Imagine yourself sitting in a room with nothing but a single glass of water. From your chair you can look through the transparent glass and see that the water line sits exactly at the halfway point from top to bottom.
Now answer this question: Is this glass half full or is it half empty? This question has been used for years as a psychological tool to gain an understanding of how one views objects or even the world on a larger scale. There is no wrong answer, but if you said that the glass is half full, they say you’re an optimist.
Atlantic City, NJ-born James Webster Jr. is a glass half-full sort of guy. He has spent the majority of his life in Philadelphia where he has experienced every type of difficulty; from divorce, to depression, incarceration, alcoholism, and homelessness. Despite Webster’s tough upbringing in the 80s, he still had a love for art and was able to teach himself how to express those ideas and emotions that were swirling around inside him from day to day–and due to a local non-profit organization, he’s been able to hone his craft.
Webster has a reputation to have transformed window boards and ordinary objects in the streets of Philly into aesthetically pleasing pieces of artwork using ordinary household paint. Although he spent at least a year of his life homeless, he was still able to see things differently from how they were at the time. This ability allowed him to keep releasing his inspiration through paint and helped to transform his life onto a more positive path. He is now a housing resident due to the Philadelphia non-profit organization Project H.OM.E. and has been contributing to the Art Program there for close to ten years.
Project H.O.M.E. aims to empower individuals to overcome cycles of poverty and homelessness. The acronym stands for Housing, Opportunities, Medical, & Education. Founded by Sister Mary Scullion in 1989, Project H.O.M.E. currently provides around 400 units of affordable housing to “formerly homeless and low-income persons.”
And while Project HOME offers a number of services and opportunities for individuals to learn skills, it’s the Art Program that has helped James Webster and many others in the city to make something beautiful out of their struggles.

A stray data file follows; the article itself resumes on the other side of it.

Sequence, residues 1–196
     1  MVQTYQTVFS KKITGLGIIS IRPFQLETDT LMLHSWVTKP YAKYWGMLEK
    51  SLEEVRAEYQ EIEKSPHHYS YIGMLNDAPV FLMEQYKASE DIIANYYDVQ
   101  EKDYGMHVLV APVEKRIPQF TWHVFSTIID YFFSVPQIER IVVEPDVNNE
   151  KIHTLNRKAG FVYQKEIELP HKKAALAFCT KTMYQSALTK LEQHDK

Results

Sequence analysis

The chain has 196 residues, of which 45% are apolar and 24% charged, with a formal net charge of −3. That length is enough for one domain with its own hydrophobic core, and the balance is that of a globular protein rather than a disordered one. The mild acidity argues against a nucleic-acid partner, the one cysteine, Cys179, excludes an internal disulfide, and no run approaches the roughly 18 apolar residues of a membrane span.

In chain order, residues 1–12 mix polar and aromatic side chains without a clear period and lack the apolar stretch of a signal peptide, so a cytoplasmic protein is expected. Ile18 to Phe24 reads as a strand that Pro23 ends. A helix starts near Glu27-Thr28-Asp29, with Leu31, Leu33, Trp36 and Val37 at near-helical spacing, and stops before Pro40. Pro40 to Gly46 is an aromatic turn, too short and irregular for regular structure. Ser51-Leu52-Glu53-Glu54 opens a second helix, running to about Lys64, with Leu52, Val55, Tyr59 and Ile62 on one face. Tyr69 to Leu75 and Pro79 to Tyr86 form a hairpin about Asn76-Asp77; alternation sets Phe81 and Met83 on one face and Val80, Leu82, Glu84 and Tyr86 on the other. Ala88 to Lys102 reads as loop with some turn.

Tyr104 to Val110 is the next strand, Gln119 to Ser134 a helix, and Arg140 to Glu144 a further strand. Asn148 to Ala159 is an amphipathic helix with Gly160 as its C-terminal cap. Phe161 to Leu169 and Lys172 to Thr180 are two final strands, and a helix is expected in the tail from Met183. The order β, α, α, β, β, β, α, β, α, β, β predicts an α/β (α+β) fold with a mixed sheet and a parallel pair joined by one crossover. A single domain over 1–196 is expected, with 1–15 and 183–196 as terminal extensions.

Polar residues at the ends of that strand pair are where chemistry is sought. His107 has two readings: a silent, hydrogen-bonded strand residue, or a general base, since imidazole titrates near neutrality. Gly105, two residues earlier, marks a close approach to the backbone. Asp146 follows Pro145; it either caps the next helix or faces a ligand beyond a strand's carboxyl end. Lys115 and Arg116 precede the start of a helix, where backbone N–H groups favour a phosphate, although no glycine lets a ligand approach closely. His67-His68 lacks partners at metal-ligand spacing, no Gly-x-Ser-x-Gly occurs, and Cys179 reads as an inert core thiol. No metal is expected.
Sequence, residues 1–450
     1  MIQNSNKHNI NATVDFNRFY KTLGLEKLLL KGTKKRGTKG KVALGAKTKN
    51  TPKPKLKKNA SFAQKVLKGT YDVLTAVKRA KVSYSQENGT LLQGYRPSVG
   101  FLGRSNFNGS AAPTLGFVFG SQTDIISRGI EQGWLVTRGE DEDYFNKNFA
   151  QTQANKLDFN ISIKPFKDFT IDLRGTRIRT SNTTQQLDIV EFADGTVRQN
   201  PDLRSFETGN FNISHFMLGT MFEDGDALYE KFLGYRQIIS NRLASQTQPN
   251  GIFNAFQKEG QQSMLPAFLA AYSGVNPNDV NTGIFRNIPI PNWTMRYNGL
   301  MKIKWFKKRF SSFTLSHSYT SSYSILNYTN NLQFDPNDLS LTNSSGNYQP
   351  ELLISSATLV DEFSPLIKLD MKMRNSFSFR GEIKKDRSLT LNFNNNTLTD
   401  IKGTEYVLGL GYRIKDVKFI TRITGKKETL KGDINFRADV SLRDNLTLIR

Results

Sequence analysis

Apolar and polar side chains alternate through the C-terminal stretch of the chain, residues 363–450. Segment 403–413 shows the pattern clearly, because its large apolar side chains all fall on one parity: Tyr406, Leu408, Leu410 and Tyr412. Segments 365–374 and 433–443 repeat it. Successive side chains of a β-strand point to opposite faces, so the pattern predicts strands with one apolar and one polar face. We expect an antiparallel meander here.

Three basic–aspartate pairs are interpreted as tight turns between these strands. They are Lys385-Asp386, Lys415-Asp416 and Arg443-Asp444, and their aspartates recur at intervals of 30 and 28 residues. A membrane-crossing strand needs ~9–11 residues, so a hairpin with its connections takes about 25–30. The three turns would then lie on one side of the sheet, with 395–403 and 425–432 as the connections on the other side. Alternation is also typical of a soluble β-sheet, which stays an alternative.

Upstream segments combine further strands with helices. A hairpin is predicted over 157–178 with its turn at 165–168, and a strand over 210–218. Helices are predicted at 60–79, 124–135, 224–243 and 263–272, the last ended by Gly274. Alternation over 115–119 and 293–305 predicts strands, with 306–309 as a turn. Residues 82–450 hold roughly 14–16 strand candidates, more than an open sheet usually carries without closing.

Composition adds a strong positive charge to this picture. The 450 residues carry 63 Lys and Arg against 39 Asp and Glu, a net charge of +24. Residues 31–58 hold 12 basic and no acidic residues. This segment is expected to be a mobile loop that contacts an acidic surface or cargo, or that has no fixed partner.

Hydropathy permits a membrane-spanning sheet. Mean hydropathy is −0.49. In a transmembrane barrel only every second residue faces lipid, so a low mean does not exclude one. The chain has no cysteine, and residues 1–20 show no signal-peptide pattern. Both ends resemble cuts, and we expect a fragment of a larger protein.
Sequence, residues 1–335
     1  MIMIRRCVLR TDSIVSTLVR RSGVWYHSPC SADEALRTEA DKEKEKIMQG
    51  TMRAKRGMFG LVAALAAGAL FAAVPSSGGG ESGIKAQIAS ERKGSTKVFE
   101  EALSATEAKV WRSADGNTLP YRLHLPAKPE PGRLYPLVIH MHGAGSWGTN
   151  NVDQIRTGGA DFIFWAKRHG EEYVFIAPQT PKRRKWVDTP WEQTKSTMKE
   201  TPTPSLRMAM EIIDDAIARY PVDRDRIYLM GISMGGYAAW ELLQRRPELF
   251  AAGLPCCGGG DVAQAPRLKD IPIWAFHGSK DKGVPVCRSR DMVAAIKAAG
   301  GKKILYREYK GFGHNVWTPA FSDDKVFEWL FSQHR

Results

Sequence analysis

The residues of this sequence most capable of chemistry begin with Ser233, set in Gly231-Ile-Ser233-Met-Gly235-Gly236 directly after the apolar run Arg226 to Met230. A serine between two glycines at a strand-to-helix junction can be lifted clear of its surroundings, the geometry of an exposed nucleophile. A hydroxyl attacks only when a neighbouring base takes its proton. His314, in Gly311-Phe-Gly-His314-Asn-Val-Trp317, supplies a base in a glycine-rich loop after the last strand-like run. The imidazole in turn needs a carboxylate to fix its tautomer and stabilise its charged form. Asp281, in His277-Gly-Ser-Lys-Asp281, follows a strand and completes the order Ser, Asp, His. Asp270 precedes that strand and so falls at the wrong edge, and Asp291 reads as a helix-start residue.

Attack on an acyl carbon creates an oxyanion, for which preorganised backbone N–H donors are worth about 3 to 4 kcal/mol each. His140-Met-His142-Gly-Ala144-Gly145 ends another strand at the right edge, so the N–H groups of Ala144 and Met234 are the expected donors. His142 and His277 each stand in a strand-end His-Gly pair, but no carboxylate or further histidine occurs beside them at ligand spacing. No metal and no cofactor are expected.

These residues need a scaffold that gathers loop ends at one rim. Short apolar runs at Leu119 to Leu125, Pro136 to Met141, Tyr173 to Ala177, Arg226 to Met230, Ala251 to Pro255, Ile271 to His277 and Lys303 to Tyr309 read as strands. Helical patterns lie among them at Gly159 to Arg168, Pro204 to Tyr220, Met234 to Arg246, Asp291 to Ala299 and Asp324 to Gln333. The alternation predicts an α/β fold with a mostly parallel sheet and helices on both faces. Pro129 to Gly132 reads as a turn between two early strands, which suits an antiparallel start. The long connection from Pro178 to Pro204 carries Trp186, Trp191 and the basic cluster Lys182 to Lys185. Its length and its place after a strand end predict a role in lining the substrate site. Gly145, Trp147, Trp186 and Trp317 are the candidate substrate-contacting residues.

When speaking to Rachel Ehrgood about the Art Program, she explained to me how it provides a safe place for individuals to be praised and accepted whether they are creating master works of art or simply using art as a way to be active. As Coordinator of the Art Program for the past two years, Ehrgood has been the most hands on person in the artistic coaching and development of Project HOME’s residents. She has a background in art as a teacher and painter, but she says that here “art is just the medium in which people are able to loosen up those holes that they have in their self consciousness.”
Once individuals gain confidence they often start opening up and communicating in other ways. A big part of the organization’s mission which Ehrgood helps to carry out, is to close the social margin between people who have experienced homelessness and people who have not. She says the biggest thing that you can do for a person who has experienced homelessness is to give them common courtesy. “Instead of asking what’s wrong with a person, ask what happened?” Every person is unique with their own personal experiences. You never know what happened in their past to cause them to be the person that they are now.
In a video on ProjectHome.Org, Founder Sister Mary Scullion and Rachel Ehrgood describe how self expression in art, music, and culture can help to bring people together. In efforts to break down social barriers, The Art Program has recently opened their doors and invited Drexel University students to work on a collaborative project in 2014. On Monday April 13th, 2015 they will be collaborating once again as Drexel University hosts the “Project HOME Artists for All Seasons Art Show” at their URBN Center.
This event will be featuring three recent alumnus and residents of Project HOME and a graduate of their Veteran’s Services program. Those who make it to this event can expect to see artists Andreas Walsh (Summer 2014), Gerald Halley (Fall 2014), Vincent Sangmiester (Winter 2014), and Adam Kerin (Spring 2015) showcasing their life’s experiences in the form of paint on canvas. The Program Coordinator invitingly says “It’s a wonderful experience to be able to share the human experience on a human level.”